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In July 2015, while I was working hard simultaneously on Give & Take: A Tale of Erotica, and Beyond The Law: Retribution, I wrote a blog titled A Review of Reviews.

I stated in the post that I intended to get my main projects published by December 2015, and then I would tackle each of my titles, one after another to perform a full critical analysis and rewrite.

Well, guess what … it’s November and those two main projects are now published.

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What are my projects for the months ahead?

My agenda is flexible, but fairly well set up for the foreseeable future:

1.  Continue working on my next anthologies
The Welcome: and other Sci-Fi stories
A Time for Courage: and other military stories

2.  Dust off and get back to work on my fact-based fiction / coming of age story A Life of Choice, which I will now be producing in a series of books.

3.  Continue to work behind the scenes to support and build on the success of the Indie Author Support and Discussion Facebook group, especially with the restructuring of the group website.

4.  Read and review titles from the IASD group website.

5.  In December 2015 I will begin what I said I would do – commence a detailed revision and rewrite of all of my titles.

– Make a copy of the main manuscript.

– Read and make notes from every review, whether positive or negative issues.

– Locate and amend the negative issues as a priority.

– Read the story as a reader, and look out for the telltale signs of the novice. I will have a list of key words and phrases in front of me to locate and zap / replace.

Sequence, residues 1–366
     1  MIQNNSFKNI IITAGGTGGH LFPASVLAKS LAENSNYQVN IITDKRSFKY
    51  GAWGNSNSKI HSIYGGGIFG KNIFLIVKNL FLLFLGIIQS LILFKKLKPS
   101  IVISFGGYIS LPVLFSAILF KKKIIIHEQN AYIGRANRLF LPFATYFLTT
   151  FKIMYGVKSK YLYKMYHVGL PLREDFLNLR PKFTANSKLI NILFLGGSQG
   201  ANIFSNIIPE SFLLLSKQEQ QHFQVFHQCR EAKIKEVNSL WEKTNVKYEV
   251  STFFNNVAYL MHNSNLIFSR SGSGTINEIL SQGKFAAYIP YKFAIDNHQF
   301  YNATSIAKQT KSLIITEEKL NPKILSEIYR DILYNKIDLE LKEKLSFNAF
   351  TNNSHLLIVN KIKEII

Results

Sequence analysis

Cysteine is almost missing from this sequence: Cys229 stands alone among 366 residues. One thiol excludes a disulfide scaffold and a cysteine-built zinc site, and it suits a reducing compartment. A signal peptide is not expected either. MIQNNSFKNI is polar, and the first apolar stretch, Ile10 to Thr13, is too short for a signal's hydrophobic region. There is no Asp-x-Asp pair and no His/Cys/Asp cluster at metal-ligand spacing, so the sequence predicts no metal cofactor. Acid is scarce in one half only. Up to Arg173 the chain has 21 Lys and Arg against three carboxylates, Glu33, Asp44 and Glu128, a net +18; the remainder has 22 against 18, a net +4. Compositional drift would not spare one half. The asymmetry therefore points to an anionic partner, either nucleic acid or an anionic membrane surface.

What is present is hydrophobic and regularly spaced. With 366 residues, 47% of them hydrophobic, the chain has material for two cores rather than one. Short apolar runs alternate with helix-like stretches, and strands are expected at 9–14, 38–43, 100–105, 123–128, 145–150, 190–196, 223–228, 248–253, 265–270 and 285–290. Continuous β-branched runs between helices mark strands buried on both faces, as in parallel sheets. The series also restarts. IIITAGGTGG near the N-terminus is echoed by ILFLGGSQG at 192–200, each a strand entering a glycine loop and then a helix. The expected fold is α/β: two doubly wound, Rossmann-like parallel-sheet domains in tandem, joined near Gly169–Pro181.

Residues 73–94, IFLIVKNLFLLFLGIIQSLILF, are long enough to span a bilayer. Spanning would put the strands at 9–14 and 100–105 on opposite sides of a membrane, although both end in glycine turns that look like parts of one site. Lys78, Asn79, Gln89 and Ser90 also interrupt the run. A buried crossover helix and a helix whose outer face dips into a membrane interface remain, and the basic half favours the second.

– Subject each chapter individually to Grammarly to double-check punctuation, grammar, and so on.

– Amend the cover and inside information to have a subtle ‘Revised Edition’ with the appropriate date.

– Ask for beta readers in advance of completion.

– When all bugs are ironed out, republish and set up a Kindle Countdown Deal to kick-start interest in the title, and my brand.

– Move on to the next title.

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How long will it take?

Time is not my major concern, because if I’m aiming to achieve a higher standard, it takes as long as it takes.

I’d like to think if I don’t touch the poetry series, I might be capable of dealing with the novels and short stories by next summer. It will be interesting. I’ve no doubt there will be many things which are fine, but there will be issues and it will be a test of my mettle to deal with them properly.

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I will of course report back on a regular basis. Once underway, I will not give up.
Thank you once again for joining me on my journey. All comments are welcome.

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To Blog … or not to Blog?

There are many reasons for maintaining a blog, but before I offer my view, this is a good time to be honest.

Why do you personally have a blog?
1. Do you like to be a part of an international community of like-minded folk?
2. Do you like being able to air your opinions or grievances and occasionally receive support from others?
3. Is it simply a pastime and a regular part of your social life?
4. Are you perhaps particularly good at something, or have an interest in something and like to write about it?
5. Do you use your blog as a sounding board for thoughts and ideas, but also as a platform?

As I suggested in my intro, there are many reasons to blog, but it doesn’t make any difference if you’re honest about your reasons. The only way anybody will ever know your true reasons is if you tell them … and they believe you.

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Why do I have a blog?
Before answering that question I’d like to say that I now have a blog for different reasons to those I had when I started.

For many years I haven’t been the social animal I was in my military career.

At about the time I took up writing I was advised to try writing a blog. I used it as a social connection, and as a means of learning about the internet and also aspects of writing.

It took me about a year to gain around 25 followers with my first attempt at blogging, so a couple of years ago I closed it down. I started again with a new theme, a fresh attitude … and a couple of books to my name.

My reasons for having a blog changed from social to business. I have a blog quite simply because it is one more way of promoting my books and my brand as a writer. The whole concept of ‘brand’ is a topic for another day, so I don’t want to get into it now.